Marked wrong for: "The telephone cable is long?" Other translations may well be more natural, but given that this kind of translation has been accepted for many other phrases / sentences, this seemed a bit of an unecessary nuisance.
"is the telephone cable long" is accepted however
Is this a transAtlantic cable we're talking about? Around here (U.S.) we usually say phone cord. (if talking to the generation that remembers phones with cords)
I found "cordon" for "cord"; then, I found that "cabluri" means "wiring", thus, "cordon" would not apply to such "electronic" uses. (But a native speaker is welcome to chip in here.)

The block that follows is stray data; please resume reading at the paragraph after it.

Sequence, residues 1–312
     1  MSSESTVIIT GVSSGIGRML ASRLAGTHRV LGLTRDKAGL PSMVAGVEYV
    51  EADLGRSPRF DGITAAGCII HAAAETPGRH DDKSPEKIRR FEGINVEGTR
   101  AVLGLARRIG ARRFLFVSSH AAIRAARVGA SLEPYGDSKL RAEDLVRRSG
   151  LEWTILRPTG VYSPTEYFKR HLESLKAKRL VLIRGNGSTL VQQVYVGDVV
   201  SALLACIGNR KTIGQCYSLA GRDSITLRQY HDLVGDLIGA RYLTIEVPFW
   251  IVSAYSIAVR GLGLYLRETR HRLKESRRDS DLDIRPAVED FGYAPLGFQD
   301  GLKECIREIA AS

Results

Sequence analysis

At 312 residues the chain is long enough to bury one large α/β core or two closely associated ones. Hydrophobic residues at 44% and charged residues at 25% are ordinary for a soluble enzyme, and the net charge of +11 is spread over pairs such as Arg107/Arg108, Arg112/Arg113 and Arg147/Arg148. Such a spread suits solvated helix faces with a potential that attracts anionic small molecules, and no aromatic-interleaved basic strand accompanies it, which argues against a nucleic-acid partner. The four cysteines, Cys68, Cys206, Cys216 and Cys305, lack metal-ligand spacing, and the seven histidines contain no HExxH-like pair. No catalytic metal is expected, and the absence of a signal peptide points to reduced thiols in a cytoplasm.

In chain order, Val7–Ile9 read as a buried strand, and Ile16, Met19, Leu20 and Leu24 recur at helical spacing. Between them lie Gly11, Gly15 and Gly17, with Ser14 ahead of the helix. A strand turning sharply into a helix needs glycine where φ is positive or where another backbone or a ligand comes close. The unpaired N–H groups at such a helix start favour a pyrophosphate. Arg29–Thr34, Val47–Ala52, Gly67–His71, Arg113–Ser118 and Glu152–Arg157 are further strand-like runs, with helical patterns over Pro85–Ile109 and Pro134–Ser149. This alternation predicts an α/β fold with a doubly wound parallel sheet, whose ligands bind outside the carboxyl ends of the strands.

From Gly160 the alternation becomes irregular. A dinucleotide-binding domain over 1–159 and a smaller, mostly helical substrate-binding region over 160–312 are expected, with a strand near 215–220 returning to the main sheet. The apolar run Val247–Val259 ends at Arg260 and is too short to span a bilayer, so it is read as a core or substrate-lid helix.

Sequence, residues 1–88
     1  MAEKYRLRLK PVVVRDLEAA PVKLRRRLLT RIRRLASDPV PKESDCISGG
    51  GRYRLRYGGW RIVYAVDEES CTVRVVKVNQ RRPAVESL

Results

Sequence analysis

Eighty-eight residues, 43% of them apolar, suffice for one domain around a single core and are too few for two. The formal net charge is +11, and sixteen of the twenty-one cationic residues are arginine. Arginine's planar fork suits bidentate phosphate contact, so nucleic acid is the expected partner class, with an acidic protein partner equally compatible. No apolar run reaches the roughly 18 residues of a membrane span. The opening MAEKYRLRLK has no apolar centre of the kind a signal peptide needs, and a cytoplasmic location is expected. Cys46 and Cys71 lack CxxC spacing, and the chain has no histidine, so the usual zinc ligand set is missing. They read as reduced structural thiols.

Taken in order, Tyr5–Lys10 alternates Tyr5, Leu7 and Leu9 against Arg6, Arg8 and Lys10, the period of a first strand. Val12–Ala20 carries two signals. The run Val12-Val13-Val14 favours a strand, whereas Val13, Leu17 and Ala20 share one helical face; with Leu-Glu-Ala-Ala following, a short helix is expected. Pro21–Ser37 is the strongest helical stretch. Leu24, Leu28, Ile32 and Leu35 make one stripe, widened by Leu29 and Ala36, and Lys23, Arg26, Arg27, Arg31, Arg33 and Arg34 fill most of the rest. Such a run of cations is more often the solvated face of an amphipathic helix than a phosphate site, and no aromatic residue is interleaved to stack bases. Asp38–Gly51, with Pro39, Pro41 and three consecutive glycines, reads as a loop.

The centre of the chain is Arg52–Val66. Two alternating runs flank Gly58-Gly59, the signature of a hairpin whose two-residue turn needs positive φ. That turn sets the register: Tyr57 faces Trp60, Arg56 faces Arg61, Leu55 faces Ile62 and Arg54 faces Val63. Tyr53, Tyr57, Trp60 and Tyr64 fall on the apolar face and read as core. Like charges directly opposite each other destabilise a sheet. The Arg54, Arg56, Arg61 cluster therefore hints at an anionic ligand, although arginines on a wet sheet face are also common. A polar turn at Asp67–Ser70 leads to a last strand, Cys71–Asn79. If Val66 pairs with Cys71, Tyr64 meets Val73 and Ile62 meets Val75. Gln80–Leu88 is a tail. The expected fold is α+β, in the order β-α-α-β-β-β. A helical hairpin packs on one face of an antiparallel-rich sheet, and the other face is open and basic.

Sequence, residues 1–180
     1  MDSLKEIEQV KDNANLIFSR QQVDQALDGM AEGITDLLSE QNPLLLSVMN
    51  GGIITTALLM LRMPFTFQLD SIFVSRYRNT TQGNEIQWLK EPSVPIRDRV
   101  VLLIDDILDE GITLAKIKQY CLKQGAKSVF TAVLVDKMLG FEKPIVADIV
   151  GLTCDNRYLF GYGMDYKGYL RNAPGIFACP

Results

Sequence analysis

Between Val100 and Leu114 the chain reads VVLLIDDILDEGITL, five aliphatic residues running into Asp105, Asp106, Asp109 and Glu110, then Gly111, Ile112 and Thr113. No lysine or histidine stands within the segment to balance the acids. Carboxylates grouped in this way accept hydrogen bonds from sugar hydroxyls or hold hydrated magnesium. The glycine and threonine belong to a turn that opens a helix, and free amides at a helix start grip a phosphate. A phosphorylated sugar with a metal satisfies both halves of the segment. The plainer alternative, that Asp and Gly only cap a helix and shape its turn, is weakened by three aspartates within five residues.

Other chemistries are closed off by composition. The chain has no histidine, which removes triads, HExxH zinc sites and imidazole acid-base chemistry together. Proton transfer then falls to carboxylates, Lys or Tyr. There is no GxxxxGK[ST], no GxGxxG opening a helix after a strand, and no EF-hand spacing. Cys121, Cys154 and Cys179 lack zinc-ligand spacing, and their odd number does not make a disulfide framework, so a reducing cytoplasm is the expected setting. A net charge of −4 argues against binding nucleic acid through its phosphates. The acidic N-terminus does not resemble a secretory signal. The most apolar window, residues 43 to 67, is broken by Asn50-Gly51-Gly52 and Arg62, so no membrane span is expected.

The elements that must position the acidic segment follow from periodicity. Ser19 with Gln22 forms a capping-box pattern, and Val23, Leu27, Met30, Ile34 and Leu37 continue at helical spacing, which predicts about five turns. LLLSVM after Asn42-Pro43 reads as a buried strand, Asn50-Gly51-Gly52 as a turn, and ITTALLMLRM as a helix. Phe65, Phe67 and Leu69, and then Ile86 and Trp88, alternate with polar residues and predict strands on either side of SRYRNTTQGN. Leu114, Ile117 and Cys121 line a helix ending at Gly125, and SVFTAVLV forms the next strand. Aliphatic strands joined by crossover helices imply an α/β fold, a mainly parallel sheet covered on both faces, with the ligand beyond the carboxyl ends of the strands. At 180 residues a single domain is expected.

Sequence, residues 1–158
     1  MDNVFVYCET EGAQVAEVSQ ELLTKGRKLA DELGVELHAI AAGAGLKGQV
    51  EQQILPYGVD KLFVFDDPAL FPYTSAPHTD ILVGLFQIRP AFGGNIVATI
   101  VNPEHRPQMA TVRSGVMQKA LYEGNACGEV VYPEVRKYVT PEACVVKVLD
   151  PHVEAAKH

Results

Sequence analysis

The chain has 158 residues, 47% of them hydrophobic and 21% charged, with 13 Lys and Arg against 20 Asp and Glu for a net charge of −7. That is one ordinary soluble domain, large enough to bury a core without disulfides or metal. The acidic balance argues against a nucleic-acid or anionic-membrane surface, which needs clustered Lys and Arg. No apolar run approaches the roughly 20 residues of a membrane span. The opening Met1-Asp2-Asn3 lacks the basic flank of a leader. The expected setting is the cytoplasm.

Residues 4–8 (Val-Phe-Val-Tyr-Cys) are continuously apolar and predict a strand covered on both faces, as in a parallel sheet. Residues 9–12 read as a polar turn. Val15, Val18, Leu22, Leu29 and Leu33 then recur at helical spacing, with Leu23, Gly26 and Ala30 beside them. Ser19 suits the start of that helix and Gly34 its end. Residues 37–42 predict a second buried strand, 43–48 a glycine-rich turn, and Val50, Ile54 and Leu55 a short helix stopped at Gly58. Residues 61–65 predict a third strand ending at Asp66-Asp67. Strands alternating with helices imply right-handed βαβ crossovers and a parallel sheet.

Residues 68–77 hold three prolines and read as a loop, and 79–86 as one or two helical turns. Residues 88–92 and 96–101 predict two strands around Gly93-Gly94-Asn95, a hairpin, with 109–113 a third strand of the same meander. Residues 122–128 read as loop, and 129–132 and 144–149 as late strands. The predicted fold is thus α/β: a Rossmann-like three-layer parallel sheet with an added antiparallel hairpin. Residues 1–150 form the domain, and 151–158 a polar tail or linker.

Lol, and 2 years later I translate it as: The telephone cable is long?
The cable of the telephone is most often called a telephone cable in English. This should be accepted.
What countries use telephone calls in English to refer to something other than a cable in the wall or the kind John refers to? Is it a British usage?
What countries use "telephone cable" in English to refer to something other than a cable in the wall or the trans-Atlantic kind John refers to? Is it a British usage?